Among other things it details a "pre-internet" group of computer enthusiasts/addicts/users. The most striking thing about them is their disdain for the Internet, which at first I could not understand at all.
After reading more (and playing some Uplink), it started to dawn on me. They mourned for the loss of the direct connection between two machines. The "physical" connection between one modem and another over a copper wire. There was an intimacy there shared by all those who dialed into the same BBS or MUD.
With the internet, I can still SSH or telnet somewhere--and, indeed, have basically the same experience--but now our data is mediated by the Internet, a labyrinth so immense and entangled as to put any Creten maze to shame. It delivers our data for us through some dizzying number of hops. It plays with us an ironic game of "telephone" that, by the graces of TCP, tends to give us what we wanted.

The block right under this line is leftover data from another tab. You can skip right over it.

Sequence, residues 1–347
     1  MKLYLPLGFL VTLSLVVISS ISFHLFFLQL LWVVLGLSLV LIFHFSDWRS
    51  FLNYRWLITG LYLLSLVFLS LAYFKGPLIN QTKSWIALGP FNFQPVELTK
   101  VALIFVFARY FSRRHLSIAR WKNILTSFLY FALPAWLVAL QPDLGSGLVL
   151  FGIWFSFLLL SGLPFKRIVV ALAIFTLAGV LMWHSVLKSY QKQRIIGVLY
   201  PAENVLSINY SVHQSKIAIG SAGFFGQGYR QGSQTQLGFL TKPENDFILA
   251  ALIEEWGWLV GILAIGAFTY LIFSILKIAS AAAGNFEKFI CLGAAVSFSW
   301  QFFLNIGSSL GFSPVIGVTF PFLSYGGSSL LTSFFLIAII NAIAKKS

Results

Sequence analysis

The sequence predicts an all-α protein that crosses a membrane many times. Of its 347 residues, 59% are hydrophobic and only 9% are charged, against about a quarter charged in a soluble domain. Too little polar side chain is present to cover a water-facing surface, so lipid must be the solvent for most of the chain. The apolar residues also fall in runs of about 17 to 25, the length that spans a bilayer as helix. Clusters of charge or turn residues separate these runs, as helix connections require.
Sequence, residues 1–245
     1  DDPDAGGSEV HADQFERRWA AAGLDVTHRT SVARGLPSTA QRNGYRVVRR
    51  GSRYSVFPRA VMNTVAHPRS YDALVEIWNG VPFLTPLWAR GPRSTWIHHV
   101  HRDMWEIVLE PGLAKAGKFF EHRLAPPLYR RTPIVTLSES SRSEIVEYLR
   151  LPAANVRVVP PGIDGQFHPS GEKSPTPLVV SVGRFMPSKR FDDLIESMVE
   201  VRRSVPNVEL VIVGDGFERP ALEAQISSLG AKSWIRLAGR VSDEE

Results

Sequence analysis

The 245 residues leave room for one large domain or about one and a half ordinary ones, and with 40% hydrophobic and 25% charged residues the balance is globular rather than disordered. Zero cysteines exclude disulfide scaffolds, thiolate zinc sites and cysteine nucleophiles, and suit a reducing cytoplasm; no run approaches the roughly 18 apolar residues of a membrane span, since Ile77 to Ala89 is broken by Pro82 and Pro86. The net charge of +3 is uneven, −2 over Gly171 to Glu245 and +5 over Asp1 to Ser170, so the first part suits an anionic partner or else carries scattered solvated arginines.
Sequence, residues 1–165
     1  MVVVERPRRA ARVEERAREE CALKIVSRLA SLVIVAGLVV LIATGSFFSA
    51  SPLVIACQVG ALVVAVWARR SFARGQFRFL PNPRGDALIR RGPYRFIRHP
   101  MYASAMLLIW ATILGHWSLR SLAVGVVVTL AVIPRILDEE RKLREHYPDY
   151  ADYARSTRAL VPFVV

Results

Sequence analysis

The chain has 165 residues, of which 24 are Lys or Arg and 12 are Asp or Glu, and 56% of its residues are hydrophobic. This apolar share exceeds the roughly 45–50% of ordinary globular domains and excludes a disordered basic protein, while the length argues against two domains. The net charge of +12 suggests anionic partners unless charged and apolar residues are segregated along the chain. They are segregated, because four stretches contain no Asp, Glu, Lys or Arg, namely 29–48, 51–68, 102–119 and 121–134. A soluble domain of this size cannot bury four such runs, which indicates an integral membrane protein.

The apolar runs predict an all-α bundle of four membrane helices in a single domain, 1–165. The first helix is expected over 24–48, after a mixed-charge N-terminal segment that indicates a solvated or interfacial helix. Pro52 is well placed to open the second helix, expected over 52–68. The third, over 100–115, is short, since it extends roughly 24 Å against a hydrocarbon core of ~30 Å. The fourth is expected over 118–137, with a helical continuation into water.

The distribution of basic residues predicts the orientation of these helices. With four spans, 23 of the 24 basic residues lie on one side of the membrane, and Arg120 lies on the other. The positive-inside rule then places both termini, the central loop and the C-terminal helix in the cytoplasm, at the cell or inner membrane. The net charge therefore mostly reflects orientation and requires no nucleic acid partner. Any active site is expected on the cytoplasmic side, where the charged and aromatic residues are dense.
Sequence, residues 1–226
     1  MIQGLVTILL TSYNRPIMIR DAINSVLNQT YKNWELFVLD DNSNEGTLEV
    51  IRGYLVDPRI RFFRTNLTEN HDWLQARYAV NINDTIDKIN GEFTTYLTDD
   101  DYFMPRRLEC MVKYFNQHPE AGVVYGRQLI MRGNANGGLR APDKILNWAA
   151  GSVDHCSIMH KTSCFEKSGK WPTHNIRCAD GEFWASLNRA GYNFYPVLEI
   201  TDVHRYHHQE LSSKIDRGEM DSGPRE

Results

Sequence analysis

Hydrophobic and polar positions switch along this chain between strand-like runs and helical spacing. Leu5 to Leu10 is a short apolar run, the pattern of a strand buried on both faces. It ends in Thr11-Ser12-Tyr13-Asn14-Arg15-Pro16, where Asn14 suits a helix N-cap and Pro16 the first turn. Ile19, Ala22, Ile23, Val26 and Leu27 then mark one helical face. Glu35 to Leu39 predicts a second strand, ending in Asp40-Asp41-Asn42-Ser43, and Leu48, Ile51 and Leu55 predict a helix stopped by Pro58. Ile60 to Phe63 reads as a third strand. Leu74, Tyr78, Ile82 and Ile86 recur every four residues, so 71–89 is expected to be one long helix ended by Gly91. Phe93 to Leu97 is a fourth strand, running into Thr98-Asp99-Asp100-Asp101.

That computer-to-computer intimacy is replaced by a swarming, unfathomably large horde of troll-faced minotaurs.
Interestingly, the type of interaction afforded by BBS-dialing has gone nowhere: I can open up a terminal right now and telnet or ssh to any number of interesting places. Such means of networking have simply fallen out of vogue among mainstream computer users.
As the web becomes more and more commercialized, censored, gated and banal, look for me not on a blog, not on Twitter, not on Facebook, but on some machine out "there." I'll be hiding from the information apocalypse behind a telnet connection, sitting in a well-described garden, reading plain-text poetry, waiting for you to utter a "say" command.
I might even brew you an imaginary pot of Earl Grey tea with a few Lapsang leaves tossed in.